"Oh Christ, I gotta get out, we gotta get out, can't..." and without warning he swung around to spring for the door. I raised the gun and shot, aiming for his right leg. There was a blast of sound, hugely magnified in the narrow space as I pushed a slight cast onto the bullet, melting the outer surface. He spun to his left, falling with a spray of blood coming from his right thigh. He hit the ground screaming. I jumped the bar and moved to him, pulling him sharply upright with my left hand.
He leaned against the bar, vomiting from the shock, his right hand locked against his hip. "Fuck, fuck, you shot me!"
"I know. Shut up and listen." At the reminder, he looked up, eyes slack with fear, but it was too late. I could hear the warbling noises as the CD-R moved through its paces, and before he could say anything else, the air in the middle of the bar swam hazily. A bright winking light came from nowhere, and there was a sudden roar of sound, the call of something huge and lethal smelling blood. I jumped back over the bar, and something enormous and black swept into the space from the bright lights. There was a scream, and it was standing over where the bartender had been, black arms moving. I tried to get a clear shot, but it was already gathering its arms together. It wasn't feeding. It pulled the bartender to its chest, a vaguely man-shaped silhouette clutching the screaming man, and then climbed back up into air. As soon as one arm reached the winking lights, it slipped through the hole and vanished. It was ignoring me, so as soon as it had gone through save for its ankle, I holstered the Desert Eagle, clambered up onto the bar's surface and dove headfirst for the light.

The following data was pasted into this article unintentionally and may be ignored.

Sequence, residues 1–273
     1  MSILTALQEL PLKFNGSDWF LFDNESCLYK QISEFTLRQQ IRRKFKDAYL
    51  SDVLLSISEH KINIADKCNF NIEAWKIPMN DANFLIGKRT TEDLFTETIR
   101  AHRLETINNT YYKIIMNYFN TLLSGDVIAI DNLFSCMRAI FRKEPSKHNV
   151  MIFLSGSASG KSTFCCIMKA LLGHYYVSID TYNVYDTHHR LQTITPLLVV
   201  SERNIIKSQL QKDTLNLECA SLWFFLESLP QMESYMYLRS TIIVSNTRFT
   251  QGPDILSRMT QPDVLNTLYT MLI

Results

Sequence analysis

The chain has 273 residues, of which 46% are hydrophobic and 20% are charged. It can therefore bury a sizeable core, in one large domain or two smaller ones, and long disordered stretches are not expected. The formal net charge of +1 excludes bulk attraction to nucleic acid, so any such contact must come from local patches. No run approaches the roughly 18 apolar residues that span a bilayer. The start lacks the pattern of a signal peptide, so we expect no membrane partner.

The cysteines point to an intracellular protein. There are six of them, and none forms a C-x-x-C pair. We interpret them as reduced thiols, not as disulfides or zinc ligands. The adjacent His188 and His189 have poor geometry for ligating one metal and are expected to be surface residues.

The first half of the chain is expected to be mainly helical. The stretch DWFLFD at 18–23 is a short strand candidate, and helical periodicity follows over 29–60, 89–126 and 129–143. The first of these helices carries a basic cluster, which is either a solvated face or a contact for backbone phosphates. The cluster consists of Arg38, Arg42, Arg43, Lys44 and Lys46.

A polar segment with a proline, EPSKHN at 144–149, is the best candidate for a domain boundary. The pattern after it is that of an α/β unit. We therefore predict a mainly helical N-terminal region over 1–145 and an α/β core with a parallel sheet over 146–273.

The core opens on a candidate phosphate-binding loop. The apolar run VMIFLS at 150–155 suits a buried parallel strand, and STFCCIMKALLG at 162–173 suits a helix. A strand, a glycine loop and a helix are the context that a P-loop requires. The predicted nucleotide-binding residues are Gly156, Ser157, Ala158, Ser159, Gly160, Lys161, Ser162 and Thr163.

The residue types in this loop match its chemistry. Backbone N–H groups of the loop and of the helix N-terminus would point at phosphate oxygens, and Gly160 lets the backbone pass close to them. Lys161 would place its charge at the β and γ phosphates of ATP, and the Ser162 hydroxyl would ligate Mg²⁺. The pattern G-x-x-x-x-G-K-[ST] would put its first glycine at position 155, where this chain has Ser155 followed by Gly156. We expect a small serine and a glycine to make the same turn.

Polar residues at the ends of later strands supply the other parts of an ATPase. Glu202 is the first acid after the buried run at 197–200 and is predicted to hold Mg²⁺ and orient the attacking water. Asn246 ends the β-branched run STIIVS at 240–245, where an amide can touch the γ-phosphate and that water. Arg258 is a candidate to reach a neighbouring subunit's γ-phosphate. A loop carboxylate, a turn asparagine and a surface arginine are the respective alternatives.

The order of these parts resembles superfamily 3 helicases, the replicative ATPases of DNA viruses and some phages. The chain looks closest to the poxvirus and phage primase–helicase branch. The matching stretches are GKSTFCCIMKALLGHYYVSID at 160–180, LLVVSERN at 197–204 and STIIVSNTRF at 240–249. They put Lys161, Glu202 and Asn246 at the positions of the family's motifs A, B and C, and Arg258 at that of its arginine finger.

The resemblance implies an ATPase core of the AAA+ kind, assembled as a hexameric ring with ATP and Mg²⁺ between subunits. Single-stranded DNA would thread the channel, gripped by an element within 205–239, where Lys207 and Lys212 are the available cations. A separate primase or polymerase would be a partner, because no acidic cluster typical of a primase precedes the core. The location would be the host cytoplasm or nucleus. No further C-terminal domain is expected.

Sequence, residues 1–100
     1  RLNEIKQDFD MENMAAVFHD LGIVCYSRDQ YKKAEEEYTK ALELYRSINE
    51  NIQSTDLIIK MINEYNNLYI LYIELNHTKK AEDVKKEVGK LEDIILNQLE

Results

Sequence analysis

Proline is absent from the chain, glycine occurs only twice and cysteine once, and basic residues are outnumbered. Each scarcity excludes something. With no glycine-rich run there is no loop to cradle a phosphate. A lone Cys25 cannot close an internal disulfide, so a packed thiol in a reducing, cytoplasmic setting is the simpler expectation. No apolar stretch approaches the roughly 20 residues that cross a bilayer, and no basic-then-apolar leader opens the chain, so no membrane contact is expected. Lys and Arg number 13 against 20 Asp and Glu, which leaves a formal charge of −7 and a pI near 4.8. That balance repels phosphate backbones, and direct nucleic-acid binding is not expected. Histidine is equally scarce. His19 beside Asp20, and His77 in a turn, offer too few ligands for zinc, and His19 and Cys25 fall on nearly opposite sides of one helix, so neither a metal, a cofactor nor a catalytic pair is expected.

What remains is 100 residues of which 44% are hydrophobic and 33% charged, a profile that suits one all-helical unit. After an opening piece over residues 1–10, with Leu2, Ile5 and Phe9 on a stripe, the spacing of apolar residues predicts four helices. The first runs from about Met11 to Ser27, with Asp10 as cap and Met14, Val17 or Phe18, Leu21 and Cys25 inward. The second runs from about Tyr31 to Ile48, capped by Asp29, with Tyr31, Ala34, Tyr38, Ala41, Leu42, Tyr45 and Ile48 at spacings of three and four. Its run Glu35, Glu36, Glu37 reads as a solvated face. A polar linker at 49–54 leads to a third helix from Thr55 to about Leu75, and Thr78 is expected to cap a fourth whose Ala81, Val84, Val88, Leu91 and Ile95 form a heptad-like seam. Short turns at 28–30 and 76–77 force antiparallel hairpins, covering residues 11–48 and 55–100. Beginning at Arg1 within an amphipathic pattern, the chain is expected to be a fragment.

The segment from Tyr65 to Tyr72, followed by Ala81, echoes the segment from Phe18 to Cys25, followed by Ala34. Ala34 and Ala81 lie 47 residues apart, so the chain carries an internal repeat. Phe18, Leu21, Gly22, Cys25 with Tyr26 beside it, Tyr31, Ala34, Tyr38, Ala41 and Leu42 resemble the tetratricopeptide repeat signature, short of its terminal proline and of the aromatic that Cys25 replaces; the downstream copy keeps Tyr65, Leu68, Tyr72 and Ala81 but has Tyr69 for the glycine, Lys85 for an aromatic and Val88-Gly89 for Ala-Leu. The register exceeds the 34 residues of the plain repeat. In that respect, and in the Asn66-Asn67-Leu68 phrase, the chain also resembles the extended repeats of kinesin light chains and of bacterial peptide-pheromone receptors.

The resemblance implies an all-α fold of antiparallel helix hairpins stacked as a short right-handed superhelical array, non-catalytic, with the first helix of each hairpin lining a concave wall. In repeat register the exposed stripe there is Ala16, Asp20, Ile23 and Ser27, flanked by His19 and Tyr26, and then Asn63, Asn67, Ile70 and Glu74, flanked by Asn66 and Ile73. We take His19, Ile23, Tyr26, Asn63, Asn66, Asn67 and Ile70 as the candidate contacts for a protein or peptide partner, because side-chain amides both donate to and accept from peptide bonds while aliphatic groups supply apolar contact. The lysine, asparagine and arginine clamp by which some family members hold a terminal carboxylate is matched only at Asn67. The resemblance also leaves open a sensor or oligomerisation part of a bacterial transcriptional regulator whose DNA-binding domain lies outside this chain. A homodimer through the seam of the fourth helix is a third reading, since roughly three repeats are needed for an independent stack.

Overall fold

There was a moment of crisp disorientation. Then I fell heavily onto a gritty surface, rolling reflexively. There was a SNAP and the warbling sound of the summoning cast cut off abruptly. Darkness reigned for a moment; utter, complete darkness such as you rarely see in the City. Darkness that admits nothing of the existence of light, anywhere, at any time.
Then there was a guttural mumble, and bright white illumination flooded the area. It seemed to be coming from everywhere at once. I squinted in the glare, and saw that I was lying on the floor of a large room with completely mirrored walls, a dusty chandelier hanging over me, and a ruined grand piano holding court over a variety of what looked like long-rotted armchairs.
In front of me was the enormous silhouette, still holding the struggling bartender. From somewhere behind me a voice, the same one that had called up the light, giggled. Then I heard a deep accent say "Kill him. And hold the intruder."
There was another mutter, and the lights went out.
<--Younger | The First New York Magician | Older-->